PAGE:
EU officials have confirmed that Ireland will continue to face monitoring following the state's exit from the EU-IMF bailout programme.

This is despite the decision by the Government not to seek a precautionary credit line from the EU and IMF.

Under rules agreed at the height of the euro crisis, Ireland will still be subject to post-programme surveillance which will include regular review missions.

They could also - in certain circumstances - lead to member states asking the Government to take "corrective measures" in terms of economic policy.

It is understood that the exact application of the rules to Ireland's situation will be worked out by officials in the coming weeks.

The rules are enshrined in the so-called Two Pack, a regulation introduced in 2011 to increase budgetary scrutiny for all euro zone member states.

Under the rules, any member state which has been through a bailout programme will be subject to surveillance so long as a minimum of 75% of the bailout funds have not been repaid.

The European Commission will conduct "regular review missions" in liaison with the ECB.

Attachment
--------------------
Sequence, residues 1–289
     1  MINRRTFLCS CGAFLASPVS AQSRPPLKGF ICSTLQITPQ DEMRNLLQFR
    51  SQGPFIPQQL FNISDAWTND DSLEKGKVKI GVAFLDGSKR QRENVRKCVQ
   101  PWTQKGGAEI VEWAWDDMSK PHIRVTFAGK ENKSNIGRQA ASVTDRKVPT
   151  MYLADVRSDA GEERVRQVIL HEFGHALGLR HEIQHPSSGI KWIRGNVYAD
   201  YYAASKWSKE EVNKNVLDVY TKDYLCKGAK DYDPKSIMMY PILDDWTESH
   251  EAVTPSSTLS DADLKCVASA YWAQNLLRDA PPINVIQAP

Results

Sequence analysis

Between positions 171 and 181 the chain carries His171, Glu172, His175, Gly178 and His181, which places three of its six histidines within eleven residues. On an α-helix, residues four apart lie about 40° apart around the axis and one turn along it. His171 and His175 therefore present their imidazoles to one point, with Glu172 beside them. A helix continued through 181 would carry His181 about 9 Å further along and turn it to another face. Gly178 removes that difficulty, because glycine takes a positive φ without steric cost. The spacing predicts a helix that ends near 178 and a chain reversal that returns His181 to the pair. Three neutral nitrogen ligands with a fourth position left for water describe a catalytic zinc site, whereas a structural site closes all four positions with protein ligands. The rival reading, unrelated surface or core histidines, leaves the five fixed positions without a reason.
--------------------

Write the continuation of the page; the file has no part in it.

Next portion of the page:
Every six months the Commission will then communicate its findings to the economic and monetary affairs committee of the European Parliament as well as the EU's Economic and Financial Committee, a body made up of senior officials from national administrations and central banks, the ECB and the Commission.

The findings will also be presented to the Dáil.

If the European Commission identifies risks within the Government's economic policies it could urge the 28 finance ministers to ask Ireland to take "corrective measures".

The "Two Pack" rules also provide for the Dáil to seek an exchange of views with both the European Commission and with the economic and monetary affairs committee of the European Parliament on the surveillance programme.

The head of the euro zone finance ministers group, Jeroen Dijsselbloem, said a determination had yet to be reached on how long such scrutiny would last, or what precisely would be involved.

He made the comments after euro zone finance ministers issued a statement saying they fully supported yesterday's decision by the Government to exit its bailout programme without requesting any further financial help.

The finance ministers congratulated the Irish authorities for successfully implementing the EU-IMF programme, and also commended the Irish people for their efforts and achievements in what are described as very difficult circumstances.

At a news conference in Brussels last night, Mr Dijsselbloem and EU's economic chief Olli Rehn both said Ireland was an example as to how such a programme can work and should work.

The head of Europe's bailout fund, Klaus Regling, said his staff would also be assessing, on an ongoing basis, Ireland's ability to pay back its debts.

Ireland is set to emerge from its bailout on December 15.